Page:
Why no improvement? Because K-12 education is a government monopoly, and monopolies don't improve.
And yet I'm happy to announce some good news: Cool things are starting to happen in classrooms.
I was surprised to meet kids who said they like school. What? I found school boring. How can it be that these fourth-graders tell me that they look forward to going to school and that math is "rockin' awesome"?
Those kids attend one of those new charter schools. Charters let them escape the bureaucracy of regular schools, including, often, teachers union rules. These schools compete for kids because parents can always choose another school. That makes them better.
Not every charter school is good, but the beauty of competition is that bad ones go out of business, while good ones expand. Then good schools teach more kids. Choice and competition produce quality. Anyone surprised?
Government schools rarely improve because no matter how bad they are, they still have captive customers.
The Harlem charter schools admit kids that bureaucrats label "at risk of failure." But these kids learn. And they do it at lower cost.
I visited another charter chain, American Indian Public Charter Schools in Oakland, Calif., that gets similar top results, also at lower cost.
"Kids in American Indian Public Charter Schools score so far above the average for the state for public school children that there isn't even a word for it," says Andrew Coulson, director of the Cato Institute's Center for Educational Freedom.
Those schools use methods different from the charters in Harlem. For example, they pay some kids to tutor other kids.
Both charters do something that regular public schools rarely do: fire teachers. One charter principal calls it "freeing up a person's future."
You cannot maintain quality unless you can fire people, said Deborah Kenny, founder of Harlem Village Academies.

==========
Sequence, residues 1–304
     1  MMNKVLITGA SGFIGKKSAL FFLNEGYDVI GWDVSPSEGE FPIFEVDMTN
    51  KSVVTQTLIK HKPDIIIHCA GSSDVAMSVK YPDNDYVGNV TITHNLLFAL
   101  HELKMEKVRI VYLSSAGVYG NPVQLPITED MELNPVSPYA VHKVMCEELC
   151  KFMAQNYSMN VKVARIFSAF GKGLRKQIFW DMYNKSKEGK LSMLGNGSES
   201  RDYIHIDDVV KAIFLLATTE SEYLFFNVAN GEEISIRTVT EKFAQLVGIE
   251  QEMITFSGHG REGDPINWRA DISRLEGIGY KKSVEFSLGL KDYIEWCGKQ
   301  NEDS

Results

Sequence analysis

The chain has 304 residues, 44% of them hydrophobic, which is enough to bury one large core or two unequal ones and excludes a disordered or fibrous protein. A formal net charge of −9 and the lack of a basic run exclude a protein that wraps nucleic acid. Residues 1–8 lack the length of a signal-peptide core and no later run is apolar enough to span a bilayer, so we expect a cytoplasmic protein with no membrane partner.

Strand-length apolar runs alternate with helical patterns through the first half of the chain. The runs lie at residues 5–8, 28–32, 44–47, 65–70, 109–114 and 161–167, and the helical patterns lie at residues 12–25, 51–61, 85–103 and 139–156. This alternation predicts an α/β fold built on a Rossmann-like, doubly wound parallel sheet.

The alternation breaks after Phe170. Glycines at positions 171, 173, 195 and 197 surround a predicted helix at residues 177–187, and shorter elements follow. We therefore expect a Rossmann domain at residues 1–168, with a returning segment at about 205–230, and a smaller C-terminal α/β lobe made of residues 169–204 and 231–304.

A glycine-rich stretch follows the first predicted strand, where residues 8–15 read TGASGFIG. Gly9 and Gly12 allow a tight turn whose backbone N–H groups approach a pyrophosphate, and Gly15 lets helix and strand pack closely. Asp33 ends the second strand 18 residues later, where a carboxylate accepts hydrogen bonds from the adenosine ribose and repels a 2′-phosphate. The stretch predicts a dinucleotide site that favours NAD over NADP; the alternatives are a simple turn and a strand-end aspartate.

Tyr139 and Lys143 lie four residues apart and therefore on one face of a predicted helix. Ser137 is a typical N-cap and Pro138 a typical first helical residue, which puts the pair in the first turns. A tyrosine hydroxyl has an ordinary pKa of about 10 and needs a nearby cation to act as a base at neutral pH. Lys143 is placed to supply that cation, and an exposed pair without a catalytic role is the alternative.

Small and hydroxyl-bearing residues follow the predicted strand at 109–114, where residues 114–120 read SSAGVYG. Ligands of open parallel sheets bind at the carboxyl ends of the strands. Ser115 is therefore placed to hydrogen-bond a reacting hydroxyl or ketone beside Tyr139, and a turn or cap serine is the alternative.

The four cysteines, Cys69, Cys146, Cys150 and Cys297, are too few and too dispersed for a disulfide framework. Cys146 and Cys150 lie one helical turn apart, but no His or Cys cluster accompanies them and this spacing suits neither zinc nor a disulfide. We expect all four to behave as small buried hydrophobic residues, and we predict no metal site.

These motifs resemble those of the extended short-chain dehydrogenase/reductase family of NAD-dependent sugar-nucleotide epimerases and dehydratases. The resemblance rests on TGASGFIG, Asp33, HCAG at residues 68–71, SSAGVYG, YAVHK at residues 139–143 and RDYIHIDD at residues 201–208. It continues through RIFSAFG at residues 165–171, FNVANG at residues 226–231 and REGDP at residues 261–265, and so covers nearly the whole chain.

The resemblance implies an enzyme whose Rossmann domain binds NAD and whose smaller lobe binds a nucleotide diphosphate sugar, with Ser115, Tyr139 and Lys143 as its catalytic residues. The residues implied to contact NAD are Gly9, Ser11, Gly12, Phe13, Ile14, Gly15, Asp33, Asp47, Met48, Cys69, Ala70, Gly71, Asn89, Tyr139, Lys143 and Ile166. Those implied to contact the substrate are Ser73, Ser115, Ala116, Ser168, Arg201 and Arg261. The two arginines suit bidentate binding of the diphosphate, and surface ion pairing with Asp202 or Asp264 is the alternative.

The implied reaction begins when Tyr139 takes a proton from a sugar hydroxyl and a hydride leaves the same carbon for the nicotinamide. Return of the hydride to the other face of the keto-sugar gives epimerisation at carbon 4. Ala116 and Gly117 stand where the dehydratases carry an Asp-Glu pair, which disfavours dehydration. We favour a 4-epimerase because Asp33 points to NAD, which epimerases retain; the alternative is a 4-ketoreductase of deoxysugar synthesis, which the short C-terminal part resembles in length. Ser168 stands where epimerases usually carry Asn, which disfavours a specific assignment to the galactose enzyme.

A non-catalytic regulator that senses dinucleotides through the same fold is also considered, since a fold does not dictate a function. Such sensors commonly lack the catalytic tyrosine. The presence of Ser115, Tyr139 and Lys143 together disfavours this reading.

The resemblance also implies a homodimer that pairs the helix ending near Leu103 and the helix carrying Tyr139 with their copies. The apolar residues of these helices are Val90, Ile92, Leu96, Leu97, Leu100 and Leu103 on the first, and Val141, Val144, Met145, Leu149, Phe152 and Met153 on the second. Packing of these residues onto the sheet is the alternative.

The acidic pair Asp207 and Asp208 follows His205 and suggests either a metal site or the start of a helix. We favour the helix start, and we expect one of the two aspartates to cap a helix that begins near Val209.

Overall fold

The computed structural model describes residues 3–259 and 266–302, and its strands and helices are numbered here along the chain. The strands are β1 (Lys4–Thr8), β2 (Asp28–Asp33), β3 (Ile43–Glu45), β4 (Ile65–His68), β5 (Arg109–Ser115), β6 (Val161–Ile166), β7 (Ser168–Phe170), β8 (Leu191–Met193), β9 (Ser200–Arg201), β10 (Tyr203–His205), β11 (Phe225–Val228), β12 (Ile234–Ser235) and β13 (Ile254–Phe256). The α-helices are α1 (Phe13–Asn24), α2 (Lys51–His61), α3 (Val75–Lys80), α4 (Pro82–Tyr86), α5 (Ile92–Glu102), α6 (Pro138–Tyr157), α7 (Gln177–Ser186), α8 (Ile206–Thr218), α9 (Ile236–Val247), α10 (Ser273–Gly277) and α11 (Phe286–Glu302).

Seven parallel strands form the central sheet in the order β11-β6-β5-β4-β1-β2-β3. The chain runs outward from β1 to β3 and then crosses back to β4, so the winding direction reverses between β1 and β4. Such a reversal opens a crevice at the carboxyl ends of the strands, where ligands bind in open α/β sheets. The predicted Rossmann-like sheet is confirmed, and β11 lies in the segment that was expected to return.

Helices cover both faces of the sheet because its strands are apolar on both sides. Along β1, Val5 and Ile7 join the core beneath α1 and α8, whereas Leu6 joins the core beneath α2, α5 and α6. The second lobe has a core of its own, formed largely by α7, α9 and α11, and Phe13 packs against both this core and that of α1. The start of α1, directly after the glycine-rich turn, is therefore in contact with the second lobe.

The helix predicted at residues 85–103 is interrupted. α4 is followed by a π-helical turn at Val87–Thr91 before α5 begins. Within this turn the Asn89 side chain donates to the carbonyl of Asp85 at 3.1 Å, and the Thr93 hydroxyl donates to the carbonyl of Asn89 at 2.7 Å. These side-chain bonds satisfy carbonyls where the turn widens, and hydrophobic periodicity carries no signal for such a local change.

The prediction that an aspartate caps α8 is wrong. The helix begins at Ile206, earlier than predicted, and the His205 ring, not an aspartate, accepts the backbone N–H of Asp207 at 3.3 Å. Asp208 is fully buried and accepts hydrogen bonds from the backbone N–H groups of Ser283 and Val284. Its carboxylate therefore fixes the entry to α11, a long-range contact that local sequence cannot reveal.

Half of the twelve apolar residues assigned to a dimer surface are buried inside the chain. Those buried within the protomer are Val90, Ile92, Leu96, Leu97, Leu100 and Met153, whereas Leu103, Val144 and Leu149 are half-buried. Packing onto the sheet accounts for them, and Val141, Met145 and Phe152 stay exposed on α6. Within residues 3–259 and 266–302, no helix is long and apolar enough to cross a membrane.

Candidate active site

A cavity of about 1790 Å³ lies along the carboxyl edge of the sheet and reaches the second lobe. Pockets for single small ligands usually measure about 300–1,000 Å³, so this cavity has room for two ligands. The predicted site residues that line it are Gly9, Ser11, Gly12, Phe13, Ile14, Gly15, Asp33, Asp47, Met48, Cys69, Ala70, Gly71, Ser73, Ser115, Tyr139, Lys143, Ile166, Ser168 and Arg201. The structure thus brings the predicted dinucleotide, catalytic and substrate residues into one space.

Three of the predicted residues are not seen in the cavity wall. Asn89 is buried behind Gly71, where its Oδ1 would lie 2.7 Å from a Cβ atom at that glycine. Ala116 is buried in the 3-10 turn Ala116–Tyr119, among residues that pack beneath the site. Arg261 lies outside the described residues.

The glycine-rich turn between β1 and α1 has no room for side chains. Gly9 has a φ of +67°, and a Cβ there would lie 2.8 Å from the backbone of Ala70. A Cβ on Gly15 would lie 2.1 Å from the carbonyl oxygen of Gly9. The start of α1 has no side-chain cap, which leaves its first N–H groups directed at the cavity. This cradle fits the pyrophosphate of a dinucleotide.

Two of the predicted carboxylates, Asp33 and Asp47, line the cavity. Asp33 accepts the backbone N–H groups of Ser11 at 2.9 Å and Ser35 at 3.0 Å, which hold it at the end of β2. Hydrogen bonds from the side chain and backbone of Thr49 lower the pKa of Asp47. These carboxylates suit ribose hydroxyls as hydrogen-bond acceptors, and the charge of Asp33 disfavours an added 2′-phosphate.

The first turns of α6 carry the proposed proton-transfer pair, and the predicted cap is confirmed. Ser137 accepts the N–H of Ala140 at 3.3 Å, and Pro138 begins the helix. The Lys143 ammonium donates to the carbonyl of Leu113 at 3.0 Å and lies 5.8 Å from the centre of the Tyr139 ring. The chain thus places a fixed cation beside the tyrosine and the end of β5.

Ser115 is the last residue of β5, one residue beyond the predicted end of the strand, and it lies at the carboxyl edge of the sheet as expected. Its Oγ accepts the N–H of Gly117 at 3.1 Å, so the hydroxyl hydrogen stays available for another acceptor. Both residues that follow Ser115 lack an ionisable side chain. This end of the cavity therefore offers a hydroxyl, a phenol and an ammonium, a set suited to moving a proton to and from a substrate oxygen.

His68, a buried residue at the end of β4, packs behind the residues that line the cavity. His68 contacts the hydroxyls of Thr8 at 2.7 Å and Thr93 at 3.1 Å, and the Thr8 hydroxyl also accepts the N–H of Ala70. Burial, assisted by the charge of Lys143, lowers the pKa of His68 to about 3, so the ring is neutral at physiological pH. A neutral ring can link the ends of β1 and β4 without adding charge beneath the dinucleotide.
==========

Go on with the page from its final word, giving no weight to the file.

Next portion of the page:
While bad teachers might get fired, (SET ITAL) good (END ITAL) teachers are given freedom.
"They can choose their textbooks, teaching methods -- as long as they, every quarter and every year, make sure that the students are learning what they need to learn," Kenny said.
In Harlem, 43 percent of eighth-graders pass state math tests. In Kenny's schools, 100 percent pass. So if charters work, why aren't there more of them? Because teachers unions hate them. The president of the Newark Teachers Union, Joseph Del Grosso, doesn't want charters in what he calls "his schools."
"Over my dead body, they're going to come there," he told me.
Because of that attitude, people who try to start charter schools often find that bureaucrats make it hard. But in one city, most kids now attend charters. How did that happen?
It happened because when Hurricane Katrina destroyed much of New Orleans, it also destroyed the school system. Some school reformers thought that might be a blessing.
"It was probably one of the worst school districts in the country," said Paul Pastorek, former Louisiana state superintendent of education. The state faced a choice: Rebuild the old system or build something new. It built something new. Opening charters became easy. Today, most kids in New Orleans attend charter schools, and test scores are better.
Ben Marcovitz started a charter school called Sci Academy.
"We have complete control over the quality of our instruction."
At first, only a third of his students were proficient on state tests. Now, Sci Academy's test results are among the best in the city.
Competition drives schools to try different things in order to succeed. It's similar to what happens with consumer goods -- computers, refrigerators, cars -- that get better every year.
If charter schools do this well, imagine what a really free and competitive system -- one without compulsory tax financing and bureaucratic chartering procedures -- could do.
Our kids deserve a free market in education.